Once again, in Nevada there are four ways that your driver’s license can be revoked in connection with a DUI arrest: (1) an administrative revocation for having an unlawful (“per se”) level of alcohol in your system; (2) an administrative revocation for having a detectable amount of street drugs (prohibited substance) or a detectable amount of a controlled substance in your system (without a valid prescription); (3) an administrative revocation for refusing to submit to an evidentiary test; and (4) a criminal conviction revocation.  This blog is meant to address “refusal” administrative revocations.  As you will read below, the duration of the revocation period hinges upon the number of your prior refusals.  Nevada’s “refusal” law provides as follows:


[i]f a person fails to submit to an evidentiary test as requested by a police officer pursuant to NRS 484C.160, the license, permit or privilege to drive of the person must be revoked as provided in NRS 484C.220, and the person is not eligible for a license, permit or privilege to drive for a period of . . . [o]ne year . . .

The duration of the specific license revocation depends on whether you have prior offenses:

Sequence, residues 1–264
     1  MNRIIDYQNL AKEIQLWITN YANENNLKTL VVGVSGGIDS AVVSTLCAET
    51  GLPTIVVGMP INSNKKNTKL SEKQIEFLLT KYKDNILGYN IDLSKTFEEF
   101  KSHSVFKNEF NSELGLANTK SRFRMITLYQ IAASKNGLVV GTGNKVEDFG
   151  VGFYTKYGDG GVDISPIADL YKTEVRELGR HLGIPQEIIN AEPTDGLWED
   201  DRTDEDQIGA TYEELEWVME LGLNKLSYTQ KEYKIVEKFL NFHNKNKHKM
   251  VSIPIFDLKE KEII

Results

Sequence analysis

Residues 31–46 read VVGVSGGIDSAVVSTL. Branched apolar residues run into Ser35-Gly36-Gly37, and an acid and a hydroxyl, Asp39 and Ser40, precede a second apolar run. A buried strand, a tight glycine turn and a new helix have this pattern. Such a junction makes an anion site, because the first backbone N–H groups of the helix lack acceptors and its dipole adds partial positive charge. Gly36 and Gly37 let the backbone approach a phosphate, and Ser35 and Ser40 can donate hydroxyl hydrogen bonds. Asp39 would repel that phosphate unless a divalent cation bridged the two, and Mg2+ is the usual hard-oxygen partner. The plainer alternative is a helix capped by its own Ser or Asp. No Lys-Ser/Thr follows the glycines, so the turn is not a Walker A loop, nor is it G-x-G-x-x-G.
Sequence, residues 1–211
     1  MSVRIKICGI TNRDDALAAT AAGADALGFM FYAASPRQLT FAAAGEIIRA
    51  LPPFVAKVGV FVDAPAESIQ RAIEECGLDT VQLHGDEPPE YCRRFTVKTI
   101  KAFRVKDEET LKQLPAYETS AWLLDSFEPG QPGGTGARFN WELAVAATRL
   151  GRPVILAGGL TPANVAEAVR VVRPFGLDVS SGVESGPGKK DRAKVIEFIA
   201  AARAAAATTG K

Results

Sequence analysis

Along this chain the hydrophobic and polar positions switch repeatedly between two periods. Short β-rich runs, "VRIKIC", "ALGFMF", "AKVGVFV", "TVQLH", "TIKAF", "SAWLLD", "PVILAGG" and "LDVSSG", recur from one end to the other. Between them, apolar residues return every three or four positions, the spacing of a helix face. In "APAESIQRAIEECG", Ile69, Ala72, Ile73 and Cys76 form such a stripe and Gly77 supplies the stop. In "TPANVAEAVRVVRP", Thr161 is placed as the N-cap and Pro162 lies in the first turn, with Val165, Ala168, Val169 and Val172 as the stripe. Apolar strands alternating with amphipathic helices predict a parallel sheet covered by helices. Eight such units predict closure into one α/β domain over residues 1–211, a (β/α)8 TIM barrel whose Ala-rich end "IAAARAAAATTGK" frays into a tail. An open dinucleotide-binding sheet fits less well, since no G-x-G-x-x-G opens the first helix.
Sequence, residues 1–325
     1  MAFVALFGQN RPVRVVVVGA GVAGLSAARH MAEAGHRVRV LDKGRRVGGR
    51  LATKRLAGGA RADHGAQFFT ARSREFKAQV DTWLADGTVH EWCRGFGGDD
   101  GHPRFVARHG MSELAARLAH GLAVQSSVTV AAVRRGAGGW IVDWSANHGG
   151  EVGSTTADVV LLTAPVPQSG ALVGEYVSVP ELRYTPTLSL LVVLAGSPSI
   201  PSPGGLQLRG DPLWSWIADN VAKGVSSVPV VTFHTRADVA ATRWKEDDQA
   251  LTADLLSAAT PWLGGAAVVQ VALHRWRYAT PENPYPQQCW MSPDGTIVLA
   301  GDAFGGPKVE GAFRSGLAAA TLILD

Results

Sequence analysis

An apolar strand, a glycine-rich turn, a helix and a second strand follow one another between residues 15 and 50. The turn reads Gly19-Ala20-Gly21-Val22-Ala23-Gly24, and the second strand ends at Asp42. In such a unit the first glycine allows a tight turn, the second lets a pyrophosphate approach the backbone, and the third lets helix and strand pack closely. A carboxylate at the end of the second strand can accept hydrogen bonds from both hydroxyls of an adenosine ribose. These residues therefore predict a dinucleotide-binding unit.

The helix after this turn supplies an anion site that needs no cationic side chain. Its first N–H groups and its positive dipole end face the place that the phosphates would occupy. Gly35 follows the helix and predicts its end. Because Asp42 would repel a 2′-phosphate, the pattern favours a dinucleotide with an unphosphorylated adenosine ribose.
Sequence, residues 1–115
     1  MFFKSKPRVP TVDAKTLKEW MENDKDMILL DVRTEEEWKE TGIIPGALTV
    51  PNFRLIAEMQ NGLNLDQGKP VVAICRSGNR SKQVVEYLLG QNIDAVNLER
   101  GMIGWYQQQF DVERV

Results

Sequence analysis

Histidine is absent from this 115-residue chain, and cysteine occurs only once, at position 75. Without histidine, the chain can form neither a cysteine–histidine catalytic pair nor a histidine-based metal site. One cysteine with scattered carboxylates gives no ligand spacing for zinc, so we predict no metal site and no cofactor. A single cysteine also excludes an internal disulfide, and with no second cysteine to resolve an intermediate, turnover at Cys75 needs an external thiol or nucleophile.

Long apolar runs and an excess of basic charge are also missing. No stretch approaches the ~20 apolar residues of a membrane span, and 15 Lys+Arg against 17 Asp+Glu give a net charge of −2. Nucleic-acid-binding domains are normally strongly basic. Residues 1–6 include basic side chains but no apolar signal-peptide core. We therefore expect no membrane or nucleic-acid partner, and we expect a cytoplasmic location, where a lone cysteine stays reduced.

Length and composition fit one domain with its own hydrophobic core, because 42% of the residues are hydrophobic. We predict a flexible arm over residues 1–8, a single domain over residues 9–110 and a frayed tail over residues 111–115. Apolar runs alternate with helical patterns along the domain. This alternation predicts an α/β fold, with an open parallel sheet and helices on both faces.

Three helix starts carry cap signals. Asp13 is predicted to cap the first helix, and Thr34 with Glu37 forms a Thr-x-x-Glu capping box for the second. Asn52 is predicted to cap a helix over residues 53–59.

Number of Prior Refusals (within the seven preceding years)


Length of Administrative Revocation Period

Zero 1 Year
One or More 3 Years

Nevada law is particularly harsh towards refusals.  The Nevada Supreme Court construes Nevada’s implied consent law liberally in order to further the legislative policy of removing intoxicated drivers from Nevada highways.  Because the right to counsel does not attach in implied consent situations, any response conditioned upon you obtaining the advice of an attorney amounts to a refusal to take the test.  This means that simply asking to speak with a lawyer can constitute a refusal.  Moreover, even if you voluntarily submit to a test, a subsequent failure to provide adequate samples constitutes a refusal under Nevada law.

Next, the implied consent statute does not require an express, unequivocal refusal before the individual’s license may be revoked.  An individual who conditions his consent upon speaking with his attorney, or being examined by his physician, prior to submitting to an evidentiary test, may have his license revoked for refusal to submit to a test.   Additionally, once a driver refuses to take any one of the chemical tests, the law does not give the driver the chance to withdrawal his refusal and later consent.  Once you refuse, you are deemed to have refused, regardless of subsequent statements or conduct.  Indeed, whether the declination is accomplished by verbally saying, “I refuse,” or by remaining silent and just not breathing or blowing into the machine, or by vocalizing some sort of qualified or conditional consent or refusal, does not make a difference.  An eventual consent to submit to an evidentiary test did not vitiate a prior refusal.  Moreover, an officer has no duty to renew an offer of testing after it has been refused.

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